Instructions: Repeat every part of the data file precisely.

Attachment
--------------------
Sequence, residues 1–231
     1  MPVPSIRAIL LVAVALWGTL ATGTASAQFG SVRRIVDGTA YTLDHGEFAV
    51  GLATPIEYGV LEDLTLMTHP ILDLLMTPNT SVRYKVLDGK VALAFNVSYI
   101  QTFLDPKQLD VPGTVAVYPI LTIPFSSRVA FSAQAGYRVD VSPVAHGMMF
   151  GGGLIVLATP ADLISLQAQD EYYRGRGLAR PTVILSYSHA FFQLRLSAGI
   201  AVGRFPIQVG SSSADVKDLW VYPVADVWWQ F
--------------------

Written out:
Sequence, residues 1–231
     1  MPVPSIRAIL LVAVALWGTL ATGTASAQFG SVRRIVDGTA YTLDHGEFAV
    51  GLATPIEYGV LEDLTLMTHP ILDLLMTPNT SVRYKVLDGK VALAFNVSYI
   101  QTFLDPKQLD VPGTVAVYPI LTIPFSSRVA FSAQAGYRVD VSPVAHGMMF
   151  GGGLIVLATP ADLISLQAQD EYYRGRGLAR PTVILSYSHA FFQLRLSAGI
   201  AVGRFPIQVG SSSADVKDLW VYPVADVWWQ F